- Sustainable investing is no different from the conventional "value" investing as both focus on long-term returns, said Yimei Li, CEO of China Asset Management or ChinaAMC.
- ESG standards — or environmental, social and governance — should adapt to local circumstances, said Li.
- Loh Boon Chye, CEO of the Singapore Exchange, cautioned investors against using ESG as a "simplistic filter" or "shortcut" to select funds and companies.
Sustainable investing is no different from the conventional "value" investing as both focus on long-term returns, according to an asset manager.
"Value" investing is a strategy that involves picking quality companies that appear to trade below their intrinsic value, and have the potential to do well in the long term.
Incorporating ESG factors can help investors to find such companies, said Yimei Li, CEO of China Asset Management or ChinaAMC.
ESG — or environmental, social and governance — refers to a set of criteria used to measure a company's performance in areas ranging from carbon emissions, to contributions to society and staff diversity.
"I do think that investment is [about] looking for the best value in the long run. And for fundamental investors, there's nothing more important than sustainable growth," Li told CNBC on Thursday at the virtual Sustainable Future Forum.
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Last year, ChinaAMC partnered Dutch asset manager NN Investment Partners to launch an ESG-focused global fund that targets Chinese stocks. She said the fund has done well and that over the long run, sustainable investments won't bring "poor" returns.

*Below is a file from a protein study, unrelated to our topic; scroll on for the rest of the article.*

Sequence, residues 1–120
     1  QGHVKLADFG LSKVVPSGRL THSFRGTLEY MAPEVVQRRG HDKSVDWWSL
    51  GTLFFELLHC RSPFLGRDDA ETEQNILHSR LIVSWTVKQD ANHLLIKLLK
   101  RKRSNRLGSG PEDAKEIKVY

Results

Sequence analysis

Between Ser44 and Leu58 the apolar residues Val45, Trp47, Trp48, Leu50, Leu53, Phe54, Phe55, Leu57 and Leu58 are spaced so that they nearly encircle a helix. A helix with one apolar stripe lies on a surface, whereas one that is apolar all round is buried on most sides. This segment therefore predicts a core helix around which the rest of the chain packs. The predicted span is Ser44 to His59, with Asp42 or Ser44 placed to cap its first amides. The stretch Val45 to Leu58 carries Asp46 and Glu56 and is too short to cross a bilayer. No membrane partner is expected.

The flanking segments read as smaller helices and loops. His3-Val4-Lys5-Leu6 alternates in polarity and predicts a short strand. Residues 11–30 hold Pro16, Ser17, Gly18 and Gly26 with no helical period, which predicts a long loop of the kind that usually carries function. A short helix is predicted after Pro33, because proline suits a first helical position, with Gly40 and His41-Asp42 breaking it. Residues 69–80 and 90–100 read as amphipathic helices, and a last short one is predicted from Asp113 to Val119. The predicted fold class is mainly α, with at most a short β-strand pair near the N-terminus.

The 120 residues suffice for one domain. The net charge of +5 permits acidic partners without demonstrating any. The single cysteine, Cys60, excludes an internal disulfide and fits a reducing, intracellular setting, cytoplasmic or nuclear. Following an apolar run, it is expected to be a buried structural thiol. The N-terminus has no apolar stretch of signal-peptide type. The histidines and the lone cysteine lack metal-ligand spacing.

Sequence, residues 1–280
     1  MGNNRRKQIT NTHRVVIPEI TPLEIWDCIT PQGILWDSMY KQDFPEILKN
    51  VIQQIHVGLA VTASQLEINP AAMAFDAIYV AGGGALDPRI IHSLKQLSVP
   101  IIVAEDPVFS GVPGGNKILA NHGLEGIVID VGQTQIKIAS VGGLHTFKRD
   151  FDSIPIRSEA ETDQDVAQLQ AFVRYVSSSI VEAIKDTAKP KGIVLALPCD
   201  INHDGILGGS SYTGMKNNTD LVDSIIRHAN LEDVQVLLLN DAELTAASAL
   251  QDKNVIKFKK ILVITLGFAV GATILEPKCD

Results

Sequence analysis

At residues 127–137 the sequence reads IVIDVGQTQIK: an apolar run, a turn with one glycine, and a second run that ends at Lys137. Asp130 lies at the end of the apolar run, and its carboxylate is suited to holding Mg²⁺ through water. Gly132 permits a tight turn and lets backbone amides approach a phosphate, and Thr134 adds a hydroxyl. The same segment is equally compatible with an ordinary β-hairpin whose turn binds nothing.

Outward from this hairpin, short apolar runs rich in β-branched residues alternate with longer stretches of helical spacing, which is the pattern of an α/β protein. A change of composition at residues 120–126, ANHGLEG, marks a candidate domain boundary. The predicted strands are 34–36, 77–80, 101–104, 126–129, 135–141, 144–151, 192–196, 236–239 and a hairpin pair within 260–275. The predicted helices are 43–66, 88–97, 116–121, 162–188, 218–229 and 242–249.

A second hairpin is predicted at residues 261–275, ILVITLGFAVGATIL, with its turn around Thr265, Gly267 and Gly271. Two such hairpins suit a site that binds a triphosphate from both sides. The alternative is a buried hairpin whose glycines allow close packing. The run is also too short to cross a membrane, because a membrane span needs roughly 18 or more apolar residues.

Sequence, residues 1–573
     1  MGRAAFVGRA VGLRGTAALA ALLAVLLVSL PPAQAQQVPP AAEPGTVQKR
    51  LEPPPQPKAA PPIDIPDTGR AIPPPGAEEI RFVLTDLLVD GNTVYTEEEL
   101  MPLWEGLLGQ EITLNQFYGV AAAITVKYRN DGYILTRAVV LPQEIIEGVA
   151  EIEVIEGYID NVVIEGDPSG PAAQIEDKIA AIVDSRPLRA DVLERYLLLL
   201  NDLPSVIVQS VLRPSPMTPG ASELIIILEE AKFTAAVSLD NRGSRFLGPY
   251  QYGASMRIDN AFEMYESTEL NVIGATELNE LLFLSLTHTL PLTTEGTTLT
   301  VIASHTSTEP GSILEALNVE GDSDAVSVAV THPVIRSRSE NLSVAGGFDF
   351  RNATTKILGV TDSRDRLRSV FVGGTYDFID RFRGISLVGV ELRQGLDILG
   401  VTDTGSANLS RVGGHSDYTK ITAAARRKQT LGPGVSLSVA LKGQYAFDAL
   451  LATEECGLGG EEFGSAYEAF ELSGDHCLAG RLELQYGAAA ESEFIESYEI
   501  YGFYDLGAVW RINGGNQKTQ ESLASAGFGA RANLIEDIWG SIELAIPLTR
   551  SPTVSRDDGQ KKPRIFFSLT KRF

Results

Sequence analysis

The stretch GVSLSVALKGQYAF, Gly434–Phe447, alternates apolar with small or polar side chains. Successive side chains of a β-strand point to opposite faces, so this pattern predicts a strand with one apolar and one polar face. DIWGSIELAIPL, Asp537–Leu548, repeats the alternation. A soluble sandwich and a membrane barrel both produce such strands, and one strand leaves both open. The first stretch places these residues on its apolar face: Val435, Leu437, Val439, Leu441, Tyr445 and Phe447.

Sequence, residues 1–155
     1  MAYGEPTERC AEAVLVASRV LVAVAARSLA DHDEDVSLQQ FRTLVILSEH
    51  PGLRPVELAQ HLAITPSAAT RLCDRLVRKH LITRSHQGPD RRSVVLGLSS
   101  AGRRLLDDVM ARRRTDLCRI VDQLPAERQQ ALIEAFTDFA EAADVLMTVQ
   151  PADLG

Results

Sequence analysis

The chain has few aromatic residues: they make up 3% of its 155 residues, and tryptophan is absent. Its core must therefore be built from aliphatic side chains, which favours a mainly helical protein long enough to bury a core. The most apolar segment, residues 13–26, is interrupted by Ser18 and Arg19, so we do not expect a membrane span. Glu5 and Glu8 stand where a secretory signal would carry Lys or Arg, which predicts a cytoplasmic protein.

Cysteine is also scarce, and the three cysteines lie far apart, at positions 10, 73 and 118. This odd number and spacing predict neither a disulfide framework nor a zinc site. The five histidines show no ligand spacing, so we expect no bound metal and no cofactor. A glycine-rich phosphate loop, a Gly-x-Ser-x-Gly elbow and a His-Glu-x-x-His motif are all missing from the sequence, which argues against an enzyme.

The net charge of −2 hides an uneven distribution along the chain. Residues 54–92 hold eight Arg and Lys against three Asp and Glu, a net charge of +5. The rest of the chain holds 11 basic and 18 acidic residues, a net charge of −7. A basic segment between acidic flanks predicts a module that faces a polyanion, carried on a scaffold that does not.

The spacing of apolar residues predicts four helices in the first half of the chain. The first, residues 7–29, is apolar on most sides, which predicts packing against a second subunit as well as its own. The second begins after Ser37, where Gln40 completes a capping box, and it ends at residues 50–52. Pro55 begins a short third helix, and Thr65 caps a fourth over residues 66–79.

But ESG standards should adapt to local circumstances, Li added.
She explained that globally, governance standards typically stress having female representation on company boards, but that's "not that hard to achieve" in China.
Li said her firm has its own "localized" ESG rating to compliment international standards.
Not a 'simplistic filter'
Sustainable investing has become increasingly popular in recent years, but criticisms of the investment strategy have also emerged.
One critical voice was Tariq Fancy, BlackRock's first global chief investment officer for sustainable investing between 2018 and 2019. He said this type of investment can be a "dangerous placebo that harms the public interest."
Loh Boon Chye, CEO of the Singapore Exchange, also acknowledged that there were fallacies associated with sustainable investing.
He cautioned investors against using ESG as a "simplistic filter" or "shortcut" to select funds and companies. Instead, investors should evaluate whether a company incorporates sustainability into its business model and practices, he said.
"One issue is ESG or sustainable or 'green' is often used as a catch-all bucket for different strategies, sectors and investments," said Loh, who also spoke at the virtual Sustainable Future Forum.
Companies that understand risks around ESG and find ways to address them would be able to boost their financial returns in the long term, said the CEO.
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